Submersibles: Underwater Robots for Ocean Exploration

Submersibles: Underwater Robots for Ocean Exploration

Submersibles are watercraft that can operate underwater. They are different from submarines, which are fully self-sufficient and can cruise independently, while submersibles usually need support from a surface vessel or a larger submarine. Submersibles have many uses, such as oceanography, archaeology, exploration, adventure, maintenance and recovery, and videography.

Submersibles can be crewed or uncrewed. Crewed submersibles can carry one or more people inside a pressure-resistant hull. They have windows or cameras to see outside and instruments to control their movement and depth. Uncrewed submersibles are also known as remotely operated vehicles (ROVs) or unmanned underwater vehicles (UUVs). They are controlled by operators on the surface or on a nearby vessel using cables or wireless signals. They have cameras and sensors to collect data and sometimes manipulators to perform tasks.

The first recorded submersible was built by Dutch inventor Cornelis Drebbel in 1620. It was a wooden vessel that could dive and surface by filling and emptying water tanks. The first submersible used in war was Bushnell’s Turtle, designed by American inventor David Bushnell in 1775. It was a wooden and brass vessel that could move underwater using hand-cranked propellers and attach explosive charges to enemy ships.

Since then, submersibles have evolved significantly in design and technology. Some of the most famous submersibles include the bathyscaphe Trieste, which reached the deepest point of the ocean in 1960; the research submersible Alvin, which explored the Titanic wreck in 1986; the deep-diving submersible Nereus, which explored the Mariana Trench in 2009; and the DeepFlight Aviator, which flies underwater like an airplane.

Submersibles are valuable tools for ocean exploration and research. They can access areas that are too deep, dark, cold, or dangerous for humans or other vehicles. They can collect samples, images, videos, and measurements from the ocean floor and water column. They can also test new technologies and methods for underwater exploration and discovery.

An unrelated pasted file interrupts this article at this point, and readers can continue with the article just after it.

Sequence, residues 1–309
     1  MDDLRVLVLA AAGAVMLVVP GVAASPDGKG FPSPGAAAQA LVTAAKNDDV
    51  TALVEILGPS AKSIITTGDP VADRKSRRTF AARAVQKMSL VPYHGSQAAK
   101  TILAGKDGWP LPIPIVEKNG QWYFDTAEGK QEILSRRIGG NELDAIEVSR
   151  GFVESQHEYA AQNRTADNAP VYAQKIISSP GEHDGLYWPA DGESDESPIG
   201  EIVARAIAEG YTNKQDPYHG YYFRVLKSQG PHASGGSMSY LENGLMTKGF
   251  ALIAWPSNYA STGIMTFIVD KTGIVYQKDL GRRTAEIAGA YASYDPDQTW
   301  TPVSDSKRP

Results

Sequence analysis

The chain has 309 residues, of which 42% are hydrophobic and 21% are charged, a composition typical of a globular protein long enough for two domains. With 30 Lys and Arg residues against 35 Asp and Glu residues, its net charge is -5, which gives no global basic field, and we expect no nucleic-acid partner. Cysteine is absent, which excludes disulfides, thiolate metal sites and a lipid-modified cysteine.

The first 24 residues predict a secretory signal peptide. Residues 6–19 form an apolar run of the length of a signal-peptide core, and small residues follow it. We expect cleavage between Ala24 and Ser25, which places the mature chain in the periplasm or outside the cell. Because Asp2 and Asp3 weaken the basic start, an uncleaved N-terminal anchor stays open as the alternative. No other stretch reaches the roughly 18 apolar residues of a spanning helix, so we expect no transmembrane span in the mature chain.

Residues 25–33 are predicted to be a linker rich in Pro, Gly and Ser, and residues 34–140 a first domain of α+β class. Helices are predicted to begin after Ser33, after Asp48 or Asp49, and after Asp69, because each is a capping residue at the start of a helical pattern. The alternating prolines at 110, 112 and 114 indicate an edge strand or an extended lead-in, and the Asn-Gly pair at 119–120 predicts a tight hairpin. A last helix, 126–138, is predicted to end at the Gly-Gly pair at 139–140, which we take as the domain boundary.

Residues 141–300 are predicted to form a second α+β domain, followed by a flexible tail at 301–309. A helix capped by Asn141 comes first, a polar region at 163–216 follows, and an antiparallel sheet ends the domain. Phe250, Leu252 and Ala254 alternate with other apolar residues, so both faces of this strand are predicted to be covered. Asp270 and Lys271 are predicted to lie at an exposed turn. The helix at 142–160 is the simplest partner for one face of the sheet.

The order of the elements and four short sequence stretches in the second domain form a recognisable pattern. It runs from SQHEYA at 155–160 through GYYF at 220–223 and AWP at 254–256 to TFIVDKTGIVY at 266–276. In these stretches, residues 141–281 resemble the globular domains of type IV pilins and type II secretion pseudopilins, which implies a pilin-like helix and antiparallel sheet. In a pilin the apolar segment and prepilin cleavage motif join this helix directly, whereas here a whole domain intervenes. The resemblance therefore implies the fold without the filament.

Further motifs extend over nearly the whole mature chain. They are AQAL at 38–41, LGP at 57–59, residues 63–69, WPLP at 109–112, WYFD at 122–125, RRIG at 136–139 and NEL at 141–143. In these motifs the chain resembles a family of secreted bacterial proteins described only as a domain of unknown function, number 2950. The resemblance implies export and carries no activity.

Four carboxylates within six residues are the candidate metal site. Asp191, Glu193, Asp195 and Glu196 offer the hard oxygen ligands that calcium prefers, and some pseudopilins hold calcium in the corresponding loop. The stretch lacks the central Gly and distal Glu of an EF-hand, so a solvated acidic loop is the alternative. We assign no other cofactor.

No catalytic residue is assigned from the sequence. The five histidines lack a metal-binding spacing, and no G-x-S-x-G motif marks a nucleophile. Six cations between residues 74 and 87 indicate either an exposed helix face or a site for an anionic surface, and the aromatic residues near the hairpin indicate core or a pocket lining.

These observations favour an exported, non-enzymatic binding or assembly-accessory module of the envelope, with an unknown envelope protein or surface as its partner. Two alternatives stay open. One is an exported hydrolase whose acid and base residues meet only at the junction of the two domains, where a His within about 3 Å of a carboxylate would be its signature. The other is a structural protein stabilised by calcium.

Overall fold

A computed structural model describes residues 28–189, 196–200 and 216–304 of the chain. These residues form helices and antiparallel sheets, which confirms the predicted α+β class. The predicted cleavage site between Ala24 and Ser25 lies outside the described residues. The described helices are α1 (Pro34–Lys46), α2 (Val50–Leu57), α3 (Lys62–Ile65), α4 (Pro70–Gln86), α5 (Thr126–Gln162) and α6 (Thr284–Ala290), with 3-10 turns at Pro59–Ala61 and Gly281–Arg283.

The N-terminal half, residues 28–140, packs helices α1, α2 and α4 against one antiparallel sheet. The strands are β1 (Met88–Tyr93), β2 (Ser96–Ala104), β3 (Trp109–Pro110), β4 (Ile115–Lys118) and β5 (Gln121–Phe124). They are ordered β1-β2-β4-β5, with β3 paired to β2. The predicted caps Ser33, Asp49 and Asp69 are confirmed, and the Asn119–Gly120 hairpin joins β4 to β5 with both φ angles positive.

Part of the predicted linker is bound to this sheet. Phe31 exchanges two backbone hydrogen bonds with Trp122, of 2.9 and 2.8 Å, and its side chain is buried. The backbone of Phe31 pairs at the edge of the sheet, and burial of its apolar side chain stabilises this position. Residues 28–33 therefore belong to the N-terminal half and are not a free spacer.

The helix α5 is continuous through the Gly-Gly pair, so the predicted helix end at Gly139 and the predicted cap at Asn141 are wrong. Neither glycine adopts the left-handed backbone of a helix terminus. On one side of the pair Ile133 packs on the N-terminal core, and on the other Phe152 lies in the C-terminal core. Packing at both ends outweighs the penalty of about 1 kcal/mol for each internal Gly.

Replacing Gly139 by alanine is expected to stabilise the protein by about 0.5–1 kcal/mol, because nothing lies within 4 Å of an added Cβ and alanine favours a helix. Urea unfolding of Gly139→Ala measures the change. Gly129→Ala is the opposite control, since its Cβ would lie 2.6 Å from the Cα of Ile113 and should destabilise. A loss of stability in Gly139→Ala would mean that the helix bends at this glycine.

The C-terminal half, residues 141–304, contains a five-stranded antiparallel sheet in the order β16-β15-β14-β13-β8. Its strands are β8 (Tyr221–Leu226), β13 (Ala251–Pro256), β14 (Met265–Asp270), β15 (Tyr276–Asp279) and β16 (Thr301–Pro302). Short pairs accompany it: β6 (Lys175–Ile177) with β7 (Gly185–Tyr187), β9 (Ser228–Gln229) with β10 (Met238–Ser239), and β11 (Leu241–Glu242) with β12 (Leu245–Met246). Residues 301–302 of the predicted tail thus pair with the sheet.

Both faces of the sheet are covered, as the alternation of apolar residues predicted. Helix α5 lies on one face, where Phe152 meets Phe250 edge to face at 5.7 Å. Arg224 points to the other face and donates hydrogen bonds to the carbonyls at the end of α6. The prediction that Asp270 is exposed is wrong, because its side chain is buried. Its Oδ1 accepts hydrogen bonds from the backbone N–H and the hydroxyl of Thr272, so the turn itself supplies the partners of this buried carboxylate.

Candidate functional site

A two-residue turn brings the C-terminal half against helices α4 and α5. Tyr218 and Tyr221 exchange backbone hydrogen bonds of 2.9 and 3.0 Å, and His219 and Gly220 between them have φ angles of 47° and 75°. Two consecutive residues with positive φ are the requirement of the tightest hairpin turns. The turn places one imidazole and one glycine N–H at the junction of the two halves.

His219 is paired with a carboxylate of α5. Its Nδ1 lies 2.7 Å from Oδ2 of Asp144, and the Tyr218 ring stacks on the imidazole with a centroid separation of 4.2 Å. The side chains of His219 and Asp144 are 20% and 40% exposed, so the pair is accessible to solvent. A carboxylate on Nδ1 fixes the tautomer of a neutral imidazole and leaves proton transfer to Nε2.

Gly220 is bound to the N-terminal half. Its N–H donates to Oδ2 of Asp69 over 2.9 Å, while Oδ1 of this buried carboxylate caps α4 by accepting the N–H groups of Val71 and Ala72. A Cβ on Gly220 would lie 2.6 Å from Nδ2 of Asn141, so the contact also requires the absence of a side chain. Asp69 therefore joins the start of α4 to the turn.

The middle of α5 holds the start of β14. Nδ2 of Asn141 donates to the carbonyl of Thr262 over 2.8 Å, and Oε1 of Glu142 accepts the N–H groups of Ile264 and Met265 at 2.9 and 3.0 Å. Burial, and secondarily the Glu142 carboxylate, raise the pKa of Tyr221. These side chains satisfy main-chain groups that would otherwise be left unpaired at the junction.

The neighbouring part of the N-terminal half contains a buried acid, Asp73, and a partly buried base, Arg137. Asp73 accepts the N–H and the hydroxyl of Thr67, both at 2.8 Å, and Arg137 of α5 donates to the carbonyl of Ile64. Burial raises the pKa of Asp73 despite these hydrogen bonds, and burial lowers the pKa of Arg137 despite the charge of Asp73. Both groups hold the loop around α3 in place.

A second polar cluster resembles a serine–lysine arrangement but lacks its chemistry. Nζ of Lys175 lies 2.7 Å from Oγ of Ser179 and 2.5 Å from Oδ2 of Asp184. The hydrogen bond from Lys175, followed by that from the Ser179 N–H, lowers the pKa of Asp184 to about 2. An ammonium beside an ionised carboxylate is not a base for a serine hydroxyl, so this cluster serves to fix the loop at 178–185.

Some of the current challenges and opportunities for submersibles include increasing their depth range, endurance, autonomy, and communication capabilities. As the ocean becomes more accessible and explored, submersibles need to be able to go deeper, longer, smarter, and faster. They also need to be able to transmit and receive data in real time or near real time, using optical, acoustic, or satellite signals.

Another challenge and opportunity for submersibles is to increase their public awareness and engagement. Submersibles can provide unique and captivating perspectives of the ocean and its inhabitants. They can also inspire curiosity and interest in ocean science and conservation. By sharing their data and images with the public through online platforms, social media, documentaries, and educational programs, submersibles can help bridge the gap between the ocean and the society.

Submersibles are not only vehicles but also partners for ocean exploration and research. They can help us learn more about the ocean’s mysteries, wonders, and challenges. They can also help us protect and manage the ocean’s resources and ecosystems. Submersibles are essential for advancing our knowledge and appreciation of the ocean.